The ban will be formally decided during talks on Thursday, the newspaper said, citing people involved in the Games, as Prime Minister Yoshihide Suga said it was essential to prevent Tokyo, where the highly infectious Delta COVID-19 variant was spreading, from becoming the source of another wave of infections.
If confirmed, the ban would all but rob the Tokyo Games, which are scheduled to run from July 23 to Aug. 8, of their last hope for pomp and public spectacle.
Once seen as a chance for Japan to stand large on the global stage after a devastating earthquake a decade ago, the showpiece event was delayed by the pandemic last year and has been hit by massive budget overruns.
Organisers said they would have a news conference at 10:45 p.m. (1345 GMT) following their discussions. Organisers would “have to consider an option of no spectators,” Olympics Minister Tamayo Marukawa said at the start of the talks.
Medical experts have said for weeks that having no spectators would be the least risky option, amid widespread public fears that an influx of thousands of athletes and officials will fuel a fresh wave of infections.
Infections were on the rise in Tokyo, due in part to the Delta variant, Suga told a news conference, warning that that could expand to the rest of the country.
“We absolutely must avoid Tokyo being the starting point again of another spread of the infection,” he said, adding that “good progress” was being made in vaccinations.
New daily cases in Tokyo could increase to 1,000 in July and 2,000 in August, raising the risk of hospitals in the capital region running out of beds, according to recent projections from Yuki Furuse, a Kyoto University professor working with the government’s coronavirus experts group.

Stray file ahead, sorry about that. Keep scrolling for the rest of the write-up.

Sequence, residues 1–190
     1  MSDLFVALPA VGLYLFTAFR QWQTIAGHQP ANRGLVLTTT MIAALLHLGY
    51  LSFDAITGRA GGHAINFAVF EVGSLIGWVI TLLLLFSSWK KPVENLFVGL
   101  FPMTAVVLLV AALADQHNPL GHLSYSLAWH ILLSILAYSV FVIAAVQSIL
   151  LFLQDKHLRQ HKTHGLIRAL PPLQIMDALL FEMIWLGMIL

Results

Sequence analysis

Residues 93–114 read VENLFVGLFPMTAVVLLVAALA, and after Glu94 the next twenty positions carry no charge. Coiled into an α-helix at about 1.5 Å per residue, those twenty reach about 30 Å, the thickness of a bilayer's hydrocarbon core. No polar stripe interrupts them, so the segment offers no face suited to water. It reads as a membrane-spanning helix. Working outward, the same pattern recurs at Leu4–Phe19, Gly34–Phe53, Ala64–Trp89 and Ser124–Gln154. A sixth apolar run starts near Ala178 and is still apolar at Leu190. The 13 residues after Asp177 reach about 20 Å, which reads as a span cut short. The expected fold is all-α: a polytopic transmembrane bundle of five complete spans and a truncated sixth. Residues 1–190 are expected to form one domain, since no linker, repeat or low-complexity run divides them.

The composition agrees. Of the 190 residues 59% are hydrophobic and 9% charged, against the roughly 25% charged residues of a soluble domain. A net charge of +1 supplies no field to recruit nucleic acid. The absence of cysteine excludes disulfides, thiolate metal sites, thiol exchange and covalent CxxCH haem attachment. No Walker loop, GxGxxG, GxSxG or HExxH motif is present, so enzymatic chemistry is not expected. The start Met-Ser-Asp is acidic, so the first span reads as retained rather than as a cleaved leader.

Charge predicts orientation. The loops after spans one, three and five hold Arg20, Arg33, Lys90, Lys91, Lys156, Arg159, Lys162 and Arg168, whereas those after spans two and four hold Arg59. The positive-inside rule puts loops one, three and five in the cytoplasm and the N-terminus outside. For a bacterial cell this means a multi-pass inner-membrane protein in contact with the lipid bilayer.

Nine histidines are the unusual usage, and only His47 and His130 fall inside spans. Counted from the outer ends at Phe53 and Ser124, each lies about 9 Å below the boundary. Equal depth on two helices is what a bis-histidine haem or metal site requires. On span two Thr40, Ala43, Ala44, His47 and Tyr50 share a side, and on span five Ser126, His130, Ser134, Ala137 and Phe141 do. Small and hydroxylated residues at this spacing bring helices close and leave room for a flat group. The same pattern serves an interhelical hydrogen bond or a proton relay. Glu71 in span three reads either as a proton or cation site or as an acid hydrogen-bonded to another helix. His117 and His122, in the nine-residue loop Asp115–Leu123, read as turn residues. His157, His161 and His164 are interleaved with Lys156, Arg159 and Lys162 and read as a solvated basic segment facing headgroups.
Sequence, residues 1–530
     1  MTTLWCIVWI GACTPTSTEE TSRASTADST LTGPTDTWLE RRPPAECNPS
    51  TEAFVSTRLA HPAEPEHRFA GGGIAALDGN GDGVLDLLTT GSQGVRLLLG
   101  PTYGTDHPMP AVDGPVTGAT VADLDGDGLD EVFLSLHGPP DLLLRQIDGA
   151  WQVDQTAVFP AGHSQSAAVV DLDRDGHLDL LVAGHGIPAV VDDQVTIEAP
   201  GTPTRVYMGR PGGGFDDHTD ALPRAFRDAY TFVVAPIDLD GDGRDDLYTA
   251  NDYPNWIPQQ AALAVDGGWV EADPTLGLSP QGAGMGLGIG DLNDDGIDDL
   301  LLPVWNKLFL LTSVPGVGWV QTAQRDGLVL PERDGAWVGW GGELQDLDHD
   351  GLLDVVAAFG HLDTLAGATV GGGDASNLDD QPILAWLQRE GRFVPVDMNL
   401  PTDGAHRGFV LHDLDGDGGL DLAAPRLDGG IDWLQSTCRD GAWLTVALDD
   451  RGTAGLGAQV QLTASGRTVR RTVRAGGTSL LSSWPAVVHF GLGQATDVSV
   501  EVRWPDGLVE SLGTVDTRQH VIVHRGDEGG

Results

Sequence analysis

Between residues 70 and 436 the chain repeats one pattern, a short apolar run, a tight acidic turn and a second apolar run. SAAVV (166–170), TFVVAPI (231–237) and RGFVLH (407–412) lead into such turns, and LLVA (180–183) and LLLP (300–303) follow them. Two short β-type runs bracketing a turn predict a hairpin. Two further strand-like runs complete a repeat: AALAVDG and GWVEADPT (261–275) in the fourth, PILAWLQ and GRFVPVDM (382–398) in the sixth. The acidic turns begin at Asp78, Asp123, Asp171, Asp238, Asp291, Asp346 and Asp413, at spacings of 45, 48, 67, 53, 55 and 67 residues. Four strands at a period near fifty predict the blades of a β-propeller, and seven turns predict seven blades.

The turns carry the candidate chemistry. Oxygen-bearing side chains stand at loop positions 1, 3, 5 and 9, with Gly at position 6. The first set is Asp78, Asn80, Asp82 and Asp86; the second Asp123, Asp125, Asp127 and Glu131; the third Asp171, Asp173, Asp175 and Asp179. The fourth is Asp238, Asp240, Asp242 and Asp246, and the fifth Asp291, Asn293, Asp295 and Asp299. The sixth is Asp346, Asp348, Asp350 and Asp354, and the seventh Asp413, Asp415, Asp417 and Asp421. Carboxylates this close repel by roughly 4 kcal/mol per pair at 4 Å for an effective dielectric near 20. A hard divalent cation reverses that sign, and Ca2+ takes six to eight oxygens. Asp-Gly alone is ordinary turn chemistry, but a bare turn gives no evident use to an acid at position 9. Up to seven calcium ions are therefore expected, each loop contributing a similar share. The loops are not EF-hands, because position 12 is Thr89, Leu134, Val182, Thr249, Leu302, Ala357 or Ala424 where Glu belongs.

The government’s drive to hold the Olympics even as the pandemic has worsened has alienated swathes of the public and sparked concern among sponsors about a consumer backlash.
Sponsors are cancelling or scaling back booths and events tied to the Games, frustrated by the “very last-minute” decisions by organisers, sources told Reuters.
Thursday’s talks, scheduled for 8 pm (1100 GMT) will be chaired by the International Olympic Committee (IOC) president Thomas Bach, who arrived in Tokyo on Thursday. Other participants include the Tokyo and national governments and Paralympic officials.
Bach told reporters that strict measures were in place and those measures were successful.
Slow vaccine rollout
Japan has not suffered the kind of explosive COVID-19 outbreaks seen in many other countries but has had more than 810,000 cases and 14,900 deaths.
A slow vaccine rollout has meant only a quarter of the population has had at least one shot.
The new state of emergency in Tokyo, under which restaurants will be asked to stop serving alcohol, will begin on Monday and run through to Aug 22. It was announced as the capital reported 896 new daily infections on Thursday, near highs last seen in mid-May.
Underscoring the last-minute nature of Olympic preparations, organisers presented various spectator scenarios to sponsors as late as Wednesday, according to a source familiar with the situation.
Sponsors were told that in the case of no spectators, all sports and opening and closing ceremonies would likely be held without fans, meaning tickets allocated to sponsors could not be used.
The absence of crowds will likely further strain the Games’ budget, which has already blown out to an estimated $15.4 billion, with ticket revenues of about $815 million expected to dwindle to close to zero.
The organising committee did not immediately respond to an email seeking comment.
Until this week, officials have insisted they could organise the Games safely with some spectators, but a ruling party setback in a Tokyo assembly election on Sunday, which some allies of Suga attributed to public anger over the Olympics, had forced the change of tack, sources said.
Japan will hold a parliamentary election this year and the government’s insistence that the Games should go ahead this year could cost it at the ballot box, they said.
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